Published March 26, 2024 | Version v1
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Daily vertical migrations of aquatic organisms and water transparency as indicators of the potential exposure of freshwater lakes to light pollution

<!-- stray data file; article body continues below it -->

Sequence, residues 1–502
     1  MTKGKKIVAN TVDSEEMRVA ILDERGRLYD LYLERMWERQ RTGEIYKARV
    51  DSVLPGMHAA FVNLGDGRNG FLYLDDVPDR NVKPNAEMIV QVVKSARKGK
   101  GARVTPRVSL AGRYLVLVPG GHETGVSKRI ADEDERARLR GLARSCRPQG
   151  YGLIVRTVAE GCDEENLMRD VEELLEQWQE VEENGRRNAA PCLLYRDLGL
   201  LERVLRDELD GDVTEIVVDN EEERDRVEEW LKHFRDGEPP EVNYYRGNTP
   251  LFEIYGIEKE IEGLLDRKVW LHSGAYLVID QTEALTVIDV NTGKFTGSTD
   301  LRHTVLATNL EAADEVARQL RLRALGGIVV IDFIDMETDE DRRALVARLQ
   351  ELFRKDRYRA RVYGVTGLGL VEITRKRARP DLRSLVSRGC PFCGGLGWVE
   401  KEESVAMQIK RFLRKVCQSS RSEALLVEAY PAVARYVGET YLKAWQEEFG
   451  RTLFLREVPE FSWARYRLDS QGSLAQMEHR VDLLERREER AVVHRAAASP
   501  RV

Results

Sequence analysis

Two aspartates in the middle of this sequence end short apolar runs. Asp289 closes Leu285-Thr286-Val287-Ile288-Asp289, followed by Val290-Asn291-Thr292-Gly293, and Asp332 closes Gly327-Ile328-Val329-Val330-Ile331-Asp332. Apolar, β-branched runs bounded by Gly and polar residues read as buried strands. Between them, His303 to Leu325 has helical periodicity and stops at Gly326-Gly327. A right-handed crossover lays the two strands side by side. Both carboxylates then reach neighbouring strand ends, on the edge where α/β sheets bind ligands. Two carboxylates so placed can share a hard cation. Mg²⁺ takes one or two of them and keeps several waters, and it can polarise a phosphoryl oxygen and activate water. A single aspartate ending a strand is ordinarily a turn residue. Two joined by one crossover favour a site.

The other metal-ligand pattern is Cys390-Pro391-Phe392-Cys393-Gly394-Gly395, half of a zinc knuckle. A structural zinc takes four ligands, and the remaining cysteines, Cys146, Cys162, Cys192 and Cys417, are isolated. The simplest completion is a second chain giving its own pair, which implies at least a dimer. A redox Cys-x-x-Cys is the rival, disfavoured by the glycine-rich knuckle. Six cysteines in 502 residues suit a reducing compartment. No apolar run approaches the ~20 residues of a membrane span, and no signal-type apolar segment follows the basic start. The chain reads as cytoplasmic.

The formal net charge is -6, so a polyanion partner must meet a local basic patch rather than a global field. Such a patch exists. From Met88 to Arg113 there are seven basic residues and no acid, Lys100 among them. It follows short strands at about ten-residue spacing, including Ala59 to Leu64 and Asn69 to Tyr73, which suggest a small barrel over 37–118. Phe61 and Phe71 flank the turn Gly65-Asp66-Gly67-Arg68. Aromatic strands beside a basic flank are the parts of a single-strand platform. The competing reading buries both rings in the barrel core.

Light pollution, which disrupts the vital functions of organisms, including aquatic organisms, has become widespread in recent years. One of the main biological features of aquatic organisms is the presence of daily vertical migrations (DVM). However, as a result of exposure to artificial lighting, organisms become visible to predators. This leads to disruption of the DVM of aquatic organisms and, accordingly, disruption of the functioning of the reservoir ecosystem. Water transparency plays an important role in predators detecting their prey under light pollution. Based on this, it was hypothesized that the susceptibility of freshwater lakes to light pollution may be indicated by both the presence and intensity of DVM of organisms and water transparency. The study was carried out on lakes Baikal, Hovsgol and Ladoga, which differ in water transparency and the intensity of DVM of amphipods. On the lakes at night, samples were taken using a net to determine the composition of organisms located in the water column, and underwater video observations were carried out at two depths using a video system with a lighting source. As a result, the greatest migratory activity of amphipods was observed in Lake Baikal both at a depth of 0.5-1 m and at 3-6.5 m. In Lake Ladoga, migration activity at both depths was equally weak, and in Hovsgol, little activity was observed at a depth of 3-6.5 m. A comparison of sampling data and video observations showed that the studied lakes contain organisms that can either be attracted to or avoid artificial light from the video system. Since Lake Baikal, of the presented lakes, has the highest water transparency and intensity of DVM of organisms, this lake may be the most vulnerable to increasing light pollution, including those associated with the growth of tourist flows.


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